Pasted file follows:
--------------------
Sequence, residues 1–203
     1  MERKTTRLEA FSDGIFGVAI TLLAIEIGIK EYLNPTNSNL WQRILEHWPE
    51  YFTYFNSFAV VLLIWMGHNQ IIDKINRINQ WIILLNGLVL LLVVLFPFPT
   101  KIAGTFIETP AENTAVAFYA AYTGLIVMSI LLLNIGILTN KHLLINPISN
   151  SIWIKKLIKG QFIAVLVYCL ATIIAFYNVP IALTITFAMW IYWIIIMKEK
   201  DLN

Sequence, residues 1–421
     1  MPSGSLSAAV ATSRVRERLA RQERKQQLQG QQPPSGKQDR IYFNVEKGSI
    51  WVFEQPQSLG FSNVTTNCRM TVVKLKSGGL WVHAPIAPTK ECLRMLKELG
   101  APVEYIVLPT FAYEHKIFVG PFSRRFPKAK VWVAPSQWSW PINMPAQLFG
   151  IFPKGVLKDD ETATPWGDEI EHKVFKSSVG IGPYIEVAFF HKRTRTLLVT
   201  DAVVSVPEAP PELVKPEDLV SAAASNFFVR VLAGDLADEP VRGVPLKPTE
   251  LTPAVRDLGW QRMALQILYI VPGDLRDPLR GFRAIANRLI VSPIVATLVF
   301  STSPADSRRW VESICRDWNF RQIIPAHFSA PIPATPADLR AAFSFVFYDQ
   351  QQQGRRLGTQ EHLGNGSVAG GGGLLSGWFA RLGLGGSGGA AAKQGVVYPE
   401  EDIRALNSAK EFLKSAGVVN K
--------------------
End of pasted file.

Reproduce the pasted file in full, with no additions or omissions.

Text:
Sequence, residues 1–203
     1  MERKTTRLEA FSDGIFGVAI TLLAIEIGIK EYLNPTNSNL WQRILEHWPE
    51  YFTYFNSFAV VLLIWMGHNQ IIDKINRINQ WIILLNGLVL LLVVLFPFPT
   101  KIAGTFIETP AENTAVAFYA AYTGLIVMSI LLLNIGILTN KHLLINPISN
   151  SIWIKKLIKG QFIAVLVYCL ATIIAFYNVP IALTITFAMW IYWIIIMKEK
   201  DLN

Sequence, residues 1–421
     1  MPSGSLSAAV ATSRVRERLA RQERKQQLQG QQPPSGKQDR IYFNVEKGSI
    51  WVFEQPQSLG FSNVTTNCRM TVVKLKSGGL WVHAPIAPTK ECLRMLKELG
   101  APVEYIVLPT FAYEHKIFVG PFSRRFPKAK VWVAPSQWSW PINMPAQLFG
   151  IFPKGVLKDD ETATPWGDEI EHKVFKSSVG IGPYIEVAFF HKRTRTLLVT
   201  DAVVSVPEAP PELVKPEDLV SAAASNFFVR VLAGDLADEP VRGVPLKPTE
   251  LTPAVRDLGW QRMALQILYI VPGDLRDPLR GFRAIANRLI VSPIVATLVF
   301  STSPADSRRW VESICRDWNF RQIIPAHFSA PIPATPADLR AAFSFVFYDQ
   351  QQQGRRLGTQ EHLGNGSVAG GGGLLSGWFA RLGLGGSGGA AAKQGVVYPE
   401  EDIRALNSAK EFLKSAGVVN K